Excitotoxic versus apoptotic mechanisms of neuronal cell death in perinatal Hypoxia/Ischemia

Chainllie Young, Tatyana Tenkova, Krikor Dikranian, John W. Olney

Research output: Contribution to journalReview articlepeer-review

55 Scopus citations


Hypoxic/ischemic (H/I) neuronal degeneration in the developing central nervous system (CNS) is mediated by an excitotoxic mechanism, and it has also been reported that an apoptosis mechanism is involved. However, there is much disagreement regarding how excitotoxic and apoptotic cell death processes relate to one another. Some authors believe that an excitotoxic stimulus directly triggers apoptotic cell death, but this interpretation is largely speculative at the present time. Our findings support the interpretation that excitotoxic and apoptotic neurodegeneration are two separate and distinct cell death processes that can be distinguished from one another by ultrastructural evaluation. Here we review evidence supporting this interpretation, including evidence that H/I in the developing CNS triggers two separate waves of neurodegeneration, the first being excitotoxic and the second being apoptotic. The first (excitotoxic) wave destroys neurons that would normally provide synaptic inputs or synaptic targets for the neurons that die in the second (apoptotic) wave. Since neurons, during the developmental period of synaptogenesis, are programmed to commit suicide if they fail to achieve normal connectivity, this explains why neuroapoptosis occurs following H/I in the developing CNS. However, it does not support the interpretation that H/I directly triggers apoptotic neurodegeneration. Rather, it documents that H/I directly triggers excitotoxic neurodegeneration, and apoptotic neurodegeneration ensues subsequently as the natural response of developing neurons to a specific kind of deprivation - loss of the ability to form normal synaptic connections.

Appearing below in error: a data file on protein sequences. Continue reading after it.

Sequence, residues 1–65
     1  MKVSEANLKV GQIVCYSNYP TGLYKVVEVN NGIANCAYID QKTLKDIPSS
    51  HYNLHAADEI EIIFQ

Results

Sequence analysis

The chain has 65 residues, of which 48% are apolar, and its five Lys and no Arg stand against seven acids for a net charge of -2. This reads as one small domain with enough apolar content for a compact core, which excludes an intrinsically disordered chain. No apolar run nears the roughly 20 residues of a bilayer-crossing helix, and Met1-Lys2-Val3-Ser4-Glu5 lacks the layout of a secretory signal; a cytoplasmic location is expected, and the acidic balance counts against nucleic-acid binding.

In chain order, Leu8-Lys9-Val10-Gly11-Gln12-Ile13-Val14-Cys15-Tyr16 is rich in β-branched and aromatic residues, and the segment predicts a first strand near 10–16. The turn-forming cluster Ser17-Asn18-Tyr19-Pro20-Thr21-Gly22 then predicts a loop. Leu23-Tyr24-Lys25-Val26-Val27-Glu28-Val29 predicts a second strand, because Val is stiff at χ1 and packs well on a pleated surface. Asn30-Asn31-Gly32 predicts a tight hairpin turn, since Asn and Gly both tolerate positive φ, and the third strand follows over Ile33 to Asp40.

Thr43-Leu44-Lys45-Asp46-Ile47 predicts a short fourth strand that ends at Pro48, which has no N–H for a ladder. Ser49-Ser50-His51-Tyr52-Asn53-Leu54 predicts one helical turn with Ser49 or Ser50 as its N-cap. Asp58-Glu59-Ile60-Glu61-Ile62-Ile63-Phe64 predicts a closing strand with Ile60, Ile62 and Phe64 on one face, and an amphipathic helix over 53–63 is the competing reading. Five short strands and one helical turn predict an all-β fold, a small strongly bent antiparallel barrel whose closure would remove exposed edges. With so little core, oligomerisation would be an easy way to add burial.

Original languageEnglish
Pages (from-to)77-85
Number of pages9
JournalCurrent Molecular Medicine
Issue number2
StatePublished - Mar 2004


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